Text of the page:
So far, the 2020s have not been a walk in the park. Many have struggled – either with the virus, their own mental health in isolated times, racial justice and police brutality, or war. But seeing as we are all only human, we’re seeking that light at the end of a dark tunnel, and that is what the LAist’s “WILD” podcast is about – the glimmer of hope after a year of darkness – specifically 2020.
Award-winning New York Times writer Erick Galindo hosts the LAist’s newest podcast. Along with Adweek’s producer of the year, Megan Tan, the “WILD” podcast is a time capsule of 10 lives from that year. It’s kind of about growing up, as its description says, but it suggests to us more of an adaptation, like a flower blooming through the cracks of a sidewalk. Galindo and Tan are highlighting the resilience we can show through chaos, adversity, and tragedy: scars and all. This is about the marginalized people suffering through a nation-wide housing crisis, a pandemic-induced recession, and depression from isolation. But it’s not sad stories; it’s just stories. Really good stories in a really good podcast.
The first episode is a feature on Daisy Figueroa, an Angeleno from Huntington Park.
In 2020, she was in her final year of Boston Law School about to start an exciting internship when COVID made its way across America. She frantically packed up her studio apartment, putting the majority of her belongings in storage to return home to her family. She finished law school virtually from her sister’s Orange County home. While she was there, she could not stop lingering on the question, what does it mean to be home?
Her parents had lived in the same one-bedroom apartment for decades: from Daisy’s childhood with her two sisters, to now as empty nesters. They constantly said they would upgrade from the tiny place, but the housing crisis just continued to worsen in Los Angeles. As she finished her law degree from her own bedroom at her sisters house, she couldn’t stop thinking about her parents, sleeping in separate beds in their one-bedroom because there was not a bed big enough or accessible enough for them in their older age.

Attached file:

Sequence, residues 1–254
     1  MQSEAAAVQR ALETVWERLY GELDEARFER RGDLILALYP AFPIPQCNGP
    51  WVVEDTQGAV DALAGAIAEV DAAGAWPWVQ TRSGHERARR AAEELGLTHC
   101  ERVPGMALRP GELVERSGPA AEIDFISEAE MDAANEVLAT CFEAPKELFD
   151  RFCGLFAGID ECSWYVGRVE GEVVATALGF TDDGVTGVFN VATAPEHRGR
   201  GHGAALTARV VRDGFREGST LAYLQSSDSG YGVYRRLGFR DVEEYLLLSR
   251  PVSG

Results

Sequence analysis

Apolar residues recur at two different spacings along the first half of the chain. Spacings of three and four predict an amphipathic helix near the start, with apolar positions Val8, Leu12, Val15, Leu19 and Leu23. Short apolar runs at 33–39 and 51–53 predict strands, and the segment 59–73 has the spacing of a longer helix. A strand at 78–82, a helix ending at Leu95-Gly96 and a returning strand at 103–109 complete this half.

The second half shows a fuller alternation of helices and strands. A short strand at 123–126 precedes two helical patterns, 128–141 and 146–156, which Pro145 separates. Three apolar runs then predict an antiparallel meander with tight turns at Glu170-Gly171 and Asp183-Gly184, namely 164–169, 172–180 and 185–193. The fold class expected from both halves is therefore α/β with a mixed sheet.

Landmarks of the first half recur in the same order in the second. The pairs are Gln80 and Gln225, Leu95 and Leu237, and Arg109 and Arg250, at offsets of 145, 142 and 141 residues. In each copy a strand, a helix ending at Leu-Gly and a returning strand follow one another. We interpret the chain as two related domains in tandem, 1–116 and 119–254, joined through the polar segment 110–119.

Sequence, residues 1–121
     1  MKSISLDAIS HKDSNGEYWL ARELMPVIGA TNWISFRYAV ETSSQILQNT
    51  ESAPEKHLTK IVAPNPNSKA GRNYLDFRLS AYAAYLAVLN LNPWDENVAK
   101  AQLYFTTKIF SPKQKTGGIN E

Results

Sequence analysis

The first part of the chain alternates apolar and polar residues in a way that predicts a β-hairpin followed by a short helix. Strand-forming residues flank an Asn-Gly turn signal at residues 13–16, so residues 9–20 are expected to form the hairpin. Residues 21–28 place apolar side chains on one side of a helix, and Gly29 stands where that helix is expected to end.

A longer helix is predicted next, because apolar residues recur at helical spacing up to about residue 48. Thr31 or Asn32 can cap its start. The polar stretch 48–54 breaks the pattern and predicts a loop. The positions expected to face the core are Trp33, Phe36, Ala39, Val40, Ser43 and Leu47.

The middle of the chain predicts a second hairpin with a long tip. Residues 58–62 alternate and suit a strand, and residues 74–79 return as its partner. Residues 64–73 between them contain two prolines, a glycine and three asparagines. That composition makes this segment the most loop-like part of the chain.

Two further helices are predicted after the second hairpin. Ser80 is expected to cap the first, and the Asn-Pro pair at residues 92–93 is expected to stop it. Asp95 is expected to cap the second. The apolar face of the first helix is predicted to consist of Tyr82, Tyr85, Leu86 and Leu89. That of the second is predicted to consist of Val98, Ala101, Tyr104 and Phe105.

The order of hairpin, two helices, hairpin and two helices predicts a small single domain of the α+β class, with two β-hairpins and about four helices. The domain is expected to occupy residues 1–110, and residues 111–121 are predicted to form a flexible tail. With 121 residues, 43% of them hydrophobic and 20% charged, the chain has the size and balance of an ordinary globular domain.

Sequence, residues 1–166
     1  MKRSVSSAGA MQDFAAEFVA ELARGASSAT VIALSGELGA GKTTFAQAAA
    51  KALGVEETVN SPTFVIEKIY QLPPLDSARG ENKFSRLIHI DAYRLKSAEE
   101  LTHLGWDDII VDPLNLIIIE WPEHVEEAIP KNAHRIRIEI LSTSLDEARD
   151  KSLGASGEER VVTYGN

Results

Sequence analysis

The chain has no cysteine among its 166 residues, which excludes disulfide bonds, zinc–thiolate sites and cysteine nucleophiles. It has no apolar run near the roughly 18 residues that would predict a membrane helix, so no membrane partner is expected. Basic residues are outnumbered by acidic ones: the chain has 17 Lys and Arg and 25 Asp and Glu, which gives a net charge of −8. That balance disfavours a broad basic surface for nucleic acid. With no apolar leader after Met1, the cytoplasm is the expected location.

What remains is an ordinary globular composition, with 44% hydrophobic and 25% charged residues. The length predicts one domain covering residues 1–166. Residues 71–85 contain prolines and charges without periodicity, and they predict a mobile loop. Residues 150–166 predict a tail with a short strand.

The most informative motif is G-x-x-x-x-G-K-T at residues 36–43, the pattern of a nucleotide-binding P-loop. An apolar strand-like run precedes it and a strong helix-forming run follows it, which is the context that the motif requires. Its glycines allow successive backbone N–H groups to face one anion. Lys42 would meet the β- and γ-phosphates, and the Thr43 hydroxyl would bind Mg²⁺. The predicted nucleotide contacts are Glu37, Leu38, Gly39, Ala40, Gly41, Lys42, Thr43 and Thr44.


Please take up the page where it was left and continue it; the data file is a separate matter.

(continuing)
She decided to remodel her parents home.
She removed the family bunk beds that had been there since the 1980s and gave them their first real bedroom. Then, she had an even bigger idea. She did not want to stop with just her parents’ room; she wanted to do the same with other families like her. She called up her friends Joseph and Francisco, and together they created Hood Renovationz. A start-up that gives away home renovations to LA’s most marginalized residents. They have raised thousands of dollars in donations and completed several renovations of kitchens, bedrooms, and general repairs. They are now in the legal process of creating a business.
Every story is a little different, but they all encapsulate the human experiences from 2020. Hear Sara Palafox’s journey to motherhood and Chris Garcia’s opening up to fatherhood. Or Linda Yvette Chávez’s imposter syndrome and Aida Rodriguez’ coping techniques. “WILD” is a heartfelt look into the lives of others. 10 lives, 10 stories, 10 evolutions of hopes, dreams, and futures. These are uplifting stories that aren’t all unfamiliar: tales of homegrown love for community, family, and friends. Listen to the “WILD” podcast for the beacons of hope that came out of a dark year.